State news roundup for February 21, 2014

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New Jersey – NJEA weighs in on Newark plan

NJEA Vice President Marie Blistan delivered a strong message to members of the Legislative Black Caucus in Newark last night:  It’s time to stand up against the “One Newark” plan that is closing public schools, causing social and political upheaval, and opening charter schools at an alarming rate.

That plan, being force-fed to Newark’s parents, students, teachers, school staff, and neighborhoods by the Christie administration’s hand-picked Superintendent of Schools, Cami Anderson, has the city in an uproar.


Blistan told a large crowd that “we must hold the Department of Education accountable for its abject failure to fund our urban schools (and) for its 20 years of bungled leadership in Newark.”  Her remarks signified NJEA’s public entrance into the mushrooming controversy, where the vast majority of teachers and school staff are represented by an affiliate of the American Federation of Teachers.

Find out more at

Wisconsin – Senator Hansen and Representative Genrich introduce private pension plan based on Wisconsin Retirement System

WEAC President Betsy Kippers and Senator Dave Hansen.

Surrounded by workers, retirees and small business owners at a capitol press conference, State Senator Dave Hansen (D-Green Bay) and Representative Eric Genrich (D-Green Bay) announced Wednesday (February 19, 2014) the introduction of legislation [ed note: pictured above] that would create a pension plan for private workers, small businesses and farmers that would be based on the Wisconsin Retirement System.

“There is a retirement crisis in our country and Wisconsin is not immune. It is estimated that there are nearly 1.5 million workers in Wisconsin that do not have a retirement plan, and many who do have a plan are underfunded. Our plan will help people take control and responsibility for their own retirement security,” said Hansen.

The Wisconsin Private Secure Retirement Act would create a separate board and fund from the one that oversees the Wisconsin Retirement System, the pension fund for public employees and teachers. However, the private board would be required to create a private plan as similar as possible to the WRS including providing a defined monthly benefit to plan participants.

“Economic Prosperity is impossible without opportunity and security. All Wisconsinites – farmers, small-business owners, and the self-employed – deserve access to a safe, secure retirement option. This bill offers just that, economic opportunity for our young people and families and security for our retirees,” said Genrich.

Read more about the proposed legislation at

Washington – Senate votes down bad evaluation bill, 28-19

Washington WEA our voice logoIn the final vote before a crucial bill deadline, a majority of Washington state senators voted against a misguided, politically motivated teacher evaluation bill.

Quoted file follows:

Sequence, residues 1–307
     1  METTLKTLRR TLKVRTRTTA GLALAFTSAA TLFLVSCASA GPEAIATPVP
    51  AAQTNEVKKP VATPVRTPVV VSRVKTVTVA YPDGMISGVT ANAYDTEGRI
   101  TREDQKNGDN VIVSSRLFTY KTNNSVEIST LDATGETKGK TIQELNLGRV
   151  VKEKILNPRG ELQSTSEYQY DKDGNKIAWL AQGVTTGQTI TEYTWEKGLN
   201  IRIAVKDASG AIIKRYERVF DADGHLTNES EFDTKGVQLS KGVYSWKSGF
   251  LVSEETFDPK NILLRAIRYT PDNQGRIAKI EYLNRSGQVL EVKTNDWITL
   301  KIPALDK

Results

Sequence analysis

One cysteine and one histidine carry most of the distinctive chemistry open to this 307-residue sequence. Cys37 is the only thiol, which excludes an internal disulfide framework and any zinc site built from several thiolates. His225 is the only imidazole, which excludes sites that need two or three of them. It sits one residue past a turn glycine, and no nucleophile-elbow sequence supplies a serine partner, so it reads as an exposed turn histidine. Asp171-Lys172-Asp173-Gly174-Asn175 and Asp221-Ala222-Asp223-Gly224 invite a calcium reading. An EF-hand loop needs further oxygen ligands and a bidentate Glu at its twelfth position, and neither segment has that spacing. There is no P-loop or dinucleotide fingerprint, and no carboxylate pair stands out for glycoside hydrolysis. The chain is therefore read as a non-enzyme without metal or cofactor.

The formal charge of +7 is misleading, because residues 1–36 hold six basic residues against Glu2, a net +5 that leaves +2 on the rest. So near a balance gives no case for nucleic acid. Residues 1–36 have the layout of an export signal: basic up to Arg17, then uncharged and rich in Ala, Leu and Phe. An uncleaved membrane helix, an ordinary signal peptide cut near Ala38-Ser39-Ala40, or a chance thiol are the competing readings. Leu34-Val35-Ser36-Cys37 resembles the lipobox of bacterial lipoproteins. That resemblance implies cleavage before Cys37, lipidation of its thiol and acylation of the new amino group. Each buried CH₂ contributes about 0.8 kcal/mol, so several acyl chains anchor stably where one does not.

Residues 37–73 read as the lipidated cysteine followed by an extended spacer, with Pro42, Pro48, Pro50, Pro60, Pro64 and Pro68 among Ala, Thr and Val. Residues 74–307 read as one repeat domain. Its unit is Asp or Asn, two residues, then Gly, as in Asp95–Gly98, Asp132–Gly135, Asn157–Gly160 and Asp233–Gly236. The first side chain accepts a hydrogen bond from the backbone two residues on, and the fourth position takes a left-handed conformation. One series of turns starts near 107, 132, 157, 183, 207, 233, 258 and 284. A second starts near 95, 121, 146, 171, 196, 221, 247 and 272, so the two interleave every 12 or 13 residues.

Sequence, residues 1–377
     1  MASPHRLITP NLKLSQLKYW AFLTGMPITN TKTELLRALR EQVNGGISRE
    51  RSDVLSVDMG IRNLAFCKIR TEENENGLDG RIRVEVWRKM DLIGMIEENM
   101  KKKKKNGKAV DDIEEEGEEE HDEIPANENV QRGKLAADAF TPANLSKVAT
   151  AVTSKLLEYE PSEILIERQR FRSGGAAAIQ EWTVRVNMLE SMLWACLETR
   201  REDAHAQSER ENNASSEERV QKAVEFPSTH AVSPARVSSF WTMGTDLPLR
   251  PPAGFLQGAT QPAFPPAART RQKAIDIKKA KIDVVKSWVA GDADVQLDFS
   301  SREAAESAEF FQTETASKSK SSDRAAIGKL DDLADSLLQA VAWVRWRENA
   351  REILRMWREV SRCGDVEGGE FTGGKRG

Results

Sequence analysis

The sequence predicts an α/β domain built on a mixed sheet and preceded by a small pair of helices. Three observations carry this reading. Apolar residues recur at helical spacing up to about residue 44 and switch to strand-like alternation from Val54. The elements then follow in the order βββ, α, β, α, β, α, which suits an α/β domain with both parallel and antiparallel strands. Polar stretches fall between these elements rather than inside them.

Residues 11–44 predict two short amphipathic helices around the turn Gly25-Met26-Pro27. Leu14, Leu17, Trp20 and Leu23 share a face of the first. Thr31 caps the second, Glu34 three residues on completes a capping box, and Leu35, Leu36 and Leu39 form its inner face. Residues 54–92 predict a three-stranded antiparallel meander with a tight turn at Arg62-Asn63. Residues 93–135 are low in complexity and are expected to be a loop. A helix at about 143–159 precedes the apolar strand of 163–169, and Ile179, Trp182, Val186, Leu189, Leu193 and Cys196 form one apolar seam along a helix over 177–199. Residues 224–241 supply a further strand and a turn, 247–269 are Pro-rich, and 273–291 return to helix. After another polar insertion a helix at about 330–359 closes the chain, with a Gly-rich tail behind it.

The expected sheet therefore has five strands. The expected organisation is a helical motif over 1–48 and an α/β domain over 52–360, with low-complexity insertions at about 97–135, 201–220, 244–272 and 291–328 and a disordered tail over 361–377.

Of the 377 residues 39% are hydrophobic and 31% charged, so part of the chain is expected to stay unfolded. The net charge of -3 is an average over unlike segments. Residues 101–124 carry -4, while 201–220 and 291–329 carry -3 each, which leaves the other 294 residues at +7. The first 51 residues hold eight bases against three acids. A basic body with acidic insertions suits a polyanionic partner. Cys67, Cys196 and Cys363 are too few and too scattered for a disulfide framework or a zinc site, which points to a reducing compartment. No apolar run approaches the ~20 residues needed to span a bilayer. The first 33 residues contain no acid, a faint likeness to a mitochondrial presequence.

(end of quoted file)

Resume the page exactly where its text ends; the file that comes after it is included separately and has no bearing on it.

Senate Bill 5246which WEA members oppose, failed by a bipartisan vote of 28-19. That means the bill is dead, although other versions could resurface. The vote took place just before the Tuesday afternoon deadline for bills to pass out of their original chamber.

The bill mandated the use of state test scores in teacher evaluations, a change proponents say is needed before US Sec. of Education Arne Duncan will renew Washington’s waiver from outdated federal regulations related to No Child Left Behind (aka ESEA). WEA and the state’s Democratic congressional delegation are urging Duncan to renew the waiver without more major changes to teacher evaluations in our state. Educators also urge the Legislature to focus on fully funding K-12 education as ordered by the Supreme Court.

“We now have a chance for Washington students to become even more successful because we have a teacher and principal evaluation system we all can stand behind and make work,” said Kim Mead, WEA president.

Visit for updates on other bills that are moving in Washington.

Florida – Proposed changes to grading system just cosmetic

FEAlogoFlorida Education Association (FEA) President Andy Ford said Tuesday that the changes to the grading system before the State Board of Education are merely tweaks that don’t address the real problems with an unreliable, untrustworthy accountability system.

“Instead of listening to teachers, administrators, school districts, school boards and parents, the state is proposing minor cosmetic changes that don’t address the real concerns of everyone involved in public education,” Ford said.

Ford, who was joined by Clara Cook, FEA Secretary Treasurer; Vanessa Tillman, St. Lucie Classroom Teachers Association and Classified Unit, president; Debra Wilhelm, Palm Beach Classroom Teachers Association, president; Federick Ingram, United Teachers of Dade, president and Sharon Glickman, Broward Teachers Union, president, said the formula to calculate school grades has been continuously manipulated, making comparisons about the quality of public schools and teaching and learning meaningless. He added that today’s proposed changes only add to the confusion.

“Florida needs a pause in this madness,” Ford said. “School grades are underpinned by high stakes testing. Even with the education commissioner’s proposed grading simplification, grades will still be largely based on high stakes testing – a test we don’t even have yet.”

Find out more about the proposed changes at

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